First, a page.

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30.15 Useful Global Commands (with Pattern Matches)

The best way to learn pattern matching is by example, so here's a short list of pattern-matching examples, with explanations. (Article 26.10 has a list of these patterns.) Study the syntax carefully so you understand the principles at work. You should then be able to adapt these examples to your own situation.

  1. Change all occurrences of the word help (or Help ) to HELP :




    The \U changes the pattern that follows to all uppercase. The pattern that follows is the repeated search pattern, which is either help or Help .

  2. Replace one or more spaces following a colon ( : ) or a period ( . ) with two spaces (here a space is marked by a \h'1p' \h'1p'):

    :%s/\([:.]\\)\h'1p' \h'1p'\h'1p' \h'1p'*/\\1\h'1p' \h'1p'\h'1p' \h'1p'/g

    Either of the two characters within brackets can be matched. This character is saved into a hold buffer, using \( and \) ( 34.10 ) , and restored on the right-hand side by the \1 . Note that within brackets a special character such as a dot does not need to be escaped with a backslash ( \ ).

  3. Delete all blank lines:


    What you are actually matching here is the beginning of the line ( ^ ) followed by the end of the line ( $ ), with nothing in between.

  4. Delete all blank lines, plus any lines that contain only white space:


    (In the line above, a tab is shown as tab .) A line may appear to be blank but may in fact contain spaces or tabs. The previous example will not delete such a line. This example, like the one above it, searches for the beginning and end of the line. But instead of having nothing in between, the pattern tries to find any number of spaces or tabs. If no spaces or tabs are matched, the line is blank. To delete lines that contain white space but that aren't blank, you would have to match lines with at least one space or tab:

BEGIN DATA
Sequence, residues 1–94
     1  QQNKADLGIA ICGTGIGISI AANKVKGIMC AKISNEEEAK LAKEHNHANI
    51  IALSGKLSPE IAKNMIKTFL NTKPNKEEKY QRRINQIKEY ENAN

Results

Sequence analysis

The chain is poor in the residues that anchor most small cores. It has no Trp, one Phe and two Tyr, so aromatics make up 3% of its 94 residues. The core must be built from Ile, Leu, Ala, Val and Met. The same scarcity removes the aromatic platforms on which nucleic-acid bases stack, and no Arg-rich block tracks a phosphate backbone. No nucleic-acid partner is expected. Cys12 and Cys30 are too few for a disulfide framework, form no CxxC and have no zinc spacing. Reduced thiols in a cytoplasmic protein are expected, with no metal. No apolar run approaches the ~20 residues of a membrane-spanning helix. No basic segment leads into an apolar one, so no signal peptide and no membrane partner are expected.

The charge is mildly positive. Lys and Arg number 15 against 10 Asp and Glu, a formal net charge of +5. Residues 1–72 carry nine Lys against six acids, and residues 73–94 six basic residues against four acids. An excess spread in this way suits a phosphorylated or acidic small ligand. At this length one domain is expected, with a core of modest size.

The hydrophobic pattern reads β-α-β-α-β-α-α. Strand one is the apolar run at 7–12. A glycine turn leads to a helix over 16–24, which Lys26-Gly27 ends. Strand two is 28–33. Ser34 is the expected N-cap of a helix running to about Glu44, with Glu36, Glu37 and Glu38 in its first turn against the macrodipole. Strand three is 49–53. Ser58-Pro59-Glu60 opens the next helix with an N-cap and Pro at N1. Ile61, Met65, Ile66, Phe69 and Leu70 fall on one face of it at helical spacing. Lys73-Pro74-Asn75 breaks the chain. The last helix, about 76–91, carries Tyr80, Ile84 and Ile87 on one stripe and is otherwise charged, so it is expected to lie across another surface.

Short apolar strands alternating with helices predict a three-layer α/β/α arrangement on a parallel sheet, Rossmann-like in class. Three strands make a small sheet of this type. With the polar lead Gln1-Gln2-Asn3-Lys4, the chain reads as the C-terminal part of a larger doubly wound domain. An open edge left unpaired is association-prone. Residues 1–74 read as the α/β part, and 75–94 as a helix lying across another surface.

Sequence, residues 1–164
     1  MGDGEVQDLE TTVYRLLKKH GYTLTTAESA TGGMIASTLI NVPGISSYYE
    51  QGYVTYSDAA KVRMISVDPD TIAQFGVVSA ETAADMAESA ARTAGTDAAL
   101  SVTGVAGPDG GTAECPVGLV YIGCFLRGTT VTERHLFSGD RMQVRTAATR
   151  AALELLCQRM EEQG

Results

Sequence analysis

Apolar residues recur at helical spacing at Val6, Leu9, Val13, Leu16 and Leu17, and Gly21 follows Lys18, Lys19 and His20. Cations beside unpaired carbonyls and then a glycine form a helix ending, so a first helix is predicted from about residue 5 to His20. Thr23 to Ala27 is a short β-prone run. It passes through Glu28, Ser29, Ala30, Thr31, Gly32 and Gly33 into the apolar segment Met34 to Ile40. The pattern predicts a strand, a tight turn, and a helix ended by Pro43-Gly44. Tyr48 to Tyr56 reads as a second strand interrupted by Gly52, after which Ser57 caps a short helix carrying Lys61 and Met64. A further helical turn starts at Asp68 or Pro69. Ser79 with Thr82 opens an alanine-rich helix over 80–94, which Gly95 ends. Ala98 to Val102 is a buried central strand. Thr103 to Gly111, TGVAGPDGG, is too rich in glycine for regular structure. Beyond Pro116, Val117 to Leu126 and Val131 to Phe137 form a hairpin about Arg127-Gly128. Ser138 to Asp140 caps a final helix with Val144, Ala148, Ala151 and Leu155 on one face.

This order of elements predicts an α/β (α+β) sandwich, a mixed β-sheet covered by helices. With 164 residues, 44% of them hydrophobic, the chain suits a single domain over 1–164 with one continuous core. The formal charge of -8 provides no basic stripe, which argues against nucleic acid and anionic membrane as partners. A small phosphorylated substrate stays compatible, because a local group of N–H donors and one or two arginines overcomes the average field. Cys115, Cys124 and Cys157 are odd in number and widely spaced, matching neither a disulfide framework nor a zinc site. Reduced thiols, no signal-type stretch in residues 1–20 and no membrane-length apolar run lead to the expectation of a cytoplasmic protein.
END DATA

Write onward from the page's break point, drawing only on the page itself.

5. Match the first quoted argument of all section header ( .Ah ) macros ( 43.13 ) and replace each line with this argument:

    :%s/^\.Ah "\([^"]*\)" .*/\1/

    The substitution assumes that the .Ah macro can have more than one argument surrounded by quotes. You want to match everything between quotes, but only up to the first closing quote. Using ".*" would be wrong because it would match all arguments on the line. What you do is match a series of characters that aren't quotes, [^"]* . The pattern "[^"]*" matches a quote, followed by any number of non-quote characters, followed by a quote. Enclose the first argument in \( and \) so that it can be replayed using \1 .

  6. Same as previous, except preserve the original lines by copying them:

    :g/^\.Ah/t$ | s/\.Ah "\([^"]*\)" .*/\1/

    In ex , the vertical bar ( | ) is a command separator that works like a semicolon ( ; ) ( 8.5 ) on a UNIX command line. The first part, :g/^\.Ah/t$ , matches all lines that begin with a .Ah macro, uses the t command to copy these lines, and places them after the last line ( $ ) of the file. The second part is the same as in the previous example, except that the substitutions are performed on copies at the end of the file. The original lines are unchanged.

- TOR , DG from O'Reilly & Associates' Learning the vi Editor , Chapter 6

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